Child’s books are heavy on dialogue. Short, staccato sentences and fragments with little need for modifiers. Reacher is a minimalist when it comes to talking, and, yet, we learn more about him from his dialogue than from inner thoughts.
He isn’t vindictive and he never kills innocent people. He does only what needs to be done.
His dialogue is simple, underlaid with dry humor and subtext.
“A click. A purr. The voice. It said, ‘Where the hell are you?’
Reacher said, ‘What? Now you’re my mother?’
‘I’ve been trying to get hold of you.’
‘I’m out at the Air Force place. Trying to get in. Looking for the key. I need to know the top twenty ingenious places you’ve ever found a small hidden object.’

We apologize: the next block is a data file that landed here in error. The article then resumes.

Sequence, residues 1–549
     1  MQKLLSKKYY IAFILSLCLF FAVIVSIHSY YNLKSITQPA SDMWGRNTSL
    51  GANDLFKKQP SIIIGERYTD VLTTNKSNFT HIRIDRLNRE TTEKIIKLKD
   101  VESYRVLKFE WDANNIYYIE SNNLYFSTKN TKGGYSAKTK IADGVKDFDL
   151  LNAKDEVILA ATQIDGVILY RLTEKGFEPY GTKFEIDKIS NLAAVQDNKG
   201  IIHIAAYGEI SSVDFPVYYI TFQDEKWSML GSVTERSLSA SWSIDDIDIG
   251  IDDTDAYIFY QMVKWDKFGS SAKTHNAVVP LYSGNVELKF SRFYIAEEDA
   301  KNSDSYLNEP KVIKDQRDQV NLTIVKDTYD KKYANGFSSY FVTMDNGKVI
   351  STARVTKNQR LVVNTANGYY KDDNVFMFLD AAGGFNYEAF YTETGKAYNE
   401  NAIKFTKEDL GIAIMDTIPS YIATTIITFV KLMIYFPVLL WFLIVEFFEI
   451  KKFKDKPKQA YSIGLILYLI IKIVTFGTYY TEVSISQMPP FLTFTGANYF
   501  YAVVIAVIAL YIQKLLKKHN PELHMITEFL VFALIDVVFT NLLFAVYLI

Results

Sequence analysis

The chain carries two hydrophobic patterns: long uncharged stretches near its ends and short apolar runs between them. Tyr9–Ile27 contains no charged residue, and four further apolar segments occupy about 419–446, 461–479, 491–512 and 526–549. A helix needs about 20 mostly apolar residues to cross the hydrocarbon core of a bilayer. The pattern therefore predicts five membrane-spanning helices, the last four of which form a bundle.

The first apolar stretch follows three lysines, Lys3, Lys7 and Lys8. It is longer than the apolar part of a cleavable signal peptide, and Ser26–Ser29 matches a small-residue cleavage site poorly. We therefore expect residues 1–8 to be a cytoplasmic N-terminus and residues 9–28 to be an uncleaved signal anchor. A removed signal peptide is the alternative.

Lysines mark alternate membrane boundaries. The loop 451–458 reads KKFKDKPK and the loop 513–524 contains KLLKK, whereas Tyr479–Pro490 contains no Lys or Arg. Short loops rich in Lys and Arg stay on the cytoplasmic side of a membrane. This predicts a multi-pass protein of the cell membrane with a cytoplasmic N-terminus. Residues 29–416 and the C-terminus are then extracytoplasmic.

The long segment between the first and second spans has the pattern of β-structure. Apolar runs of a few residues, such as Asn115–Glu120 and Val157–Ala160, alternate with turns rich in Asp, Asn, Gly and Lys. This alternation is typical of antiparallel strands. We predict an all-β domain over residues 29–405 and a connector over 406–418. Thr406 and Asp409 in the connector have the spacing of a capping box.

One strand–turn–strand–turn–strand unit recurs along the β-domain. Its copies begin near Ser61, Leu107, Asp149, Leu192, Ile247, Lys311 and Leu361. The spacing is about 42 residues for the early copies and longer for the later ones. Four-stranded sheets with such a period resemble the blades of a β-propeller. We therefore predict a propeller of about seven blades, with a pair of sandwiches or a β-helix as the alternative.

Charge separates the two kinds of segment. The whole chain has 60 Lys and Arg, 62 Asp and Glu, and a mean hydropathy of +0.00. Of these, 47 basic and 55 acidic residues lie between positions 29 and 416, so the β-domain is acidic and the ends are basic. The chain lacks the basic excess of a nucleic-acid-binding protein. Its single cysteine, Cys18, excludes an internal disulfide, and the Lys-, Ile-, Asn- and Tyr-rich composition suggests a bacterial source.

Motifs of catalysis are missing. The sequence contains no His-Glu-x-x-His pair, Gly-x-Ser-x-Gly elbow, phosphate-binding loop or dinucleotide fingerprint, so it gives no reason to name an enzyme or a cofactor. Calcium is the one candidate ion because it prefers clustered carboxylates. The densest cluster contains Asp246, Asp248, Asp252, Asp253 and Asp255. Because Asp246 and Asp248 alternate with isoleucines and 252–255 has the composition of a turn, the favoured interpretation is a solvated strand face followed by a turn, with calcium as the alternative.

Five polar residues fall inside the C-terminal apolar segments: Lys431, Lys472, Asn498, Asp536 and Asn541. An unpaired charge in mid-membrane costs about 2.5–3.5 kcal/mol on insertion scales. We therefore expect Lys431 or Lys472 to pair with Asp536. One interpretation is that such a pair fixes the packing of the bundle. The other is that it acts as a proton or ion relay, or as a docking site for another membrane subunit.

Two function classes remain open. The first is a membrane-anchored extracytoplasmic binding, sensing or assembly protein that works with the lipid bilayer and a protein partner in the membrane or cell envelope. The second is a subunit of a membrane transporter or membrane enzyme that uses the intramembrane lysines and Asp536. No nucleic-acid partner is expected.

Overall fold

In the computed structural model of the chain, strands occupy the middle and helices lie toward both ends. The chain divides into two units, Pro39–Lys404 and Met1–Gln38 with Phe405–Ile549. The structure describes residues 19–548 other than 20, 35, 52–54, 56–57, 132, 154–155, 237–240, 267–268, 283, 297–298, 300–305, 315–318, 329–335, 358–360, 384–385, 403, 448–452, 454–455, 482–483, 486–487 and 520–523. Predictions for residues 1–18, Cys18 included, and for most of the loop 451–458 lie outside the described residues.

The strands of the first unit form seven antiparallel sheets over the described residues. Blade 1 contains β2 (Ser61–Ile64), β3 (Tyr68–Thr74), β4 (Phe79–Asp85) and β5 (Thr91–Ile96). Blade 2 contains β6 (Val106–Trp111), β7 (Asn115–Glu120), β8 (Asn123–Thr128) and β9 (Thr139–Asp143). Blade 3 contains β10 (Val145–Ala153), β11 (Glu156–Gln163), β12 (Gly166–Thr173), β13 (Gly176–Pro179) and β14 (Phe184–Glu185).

‘VCR slot, kettle, shoe, inside a TV set, the battery compartment of a transistor radio, a hollowed-out book, cut into the foam inside the seat of a car, in a bar of soap, in a tub of cream cheese.’
‘That’s only nine. You’re hopeless.’” As usual, there’s a smile underneath Reacher’s words.
So what is Lee Child’s secret? What makes people wait for his next novel?
Jack Reacher is a engaging extreme character. He’s completely unique and lives a life many of us are attracted to. Who doesn’t occasionally want to walk away from a burdensome, boring daily existence and be completely independent? Okay, so he breaks the law but only when necessary and only to right wrongs. He’s clever and he is continually calculating how to get out of dangerous situations.
Child’s books have lots of tension, suspense, a little romance and explosive endings. What more could you want?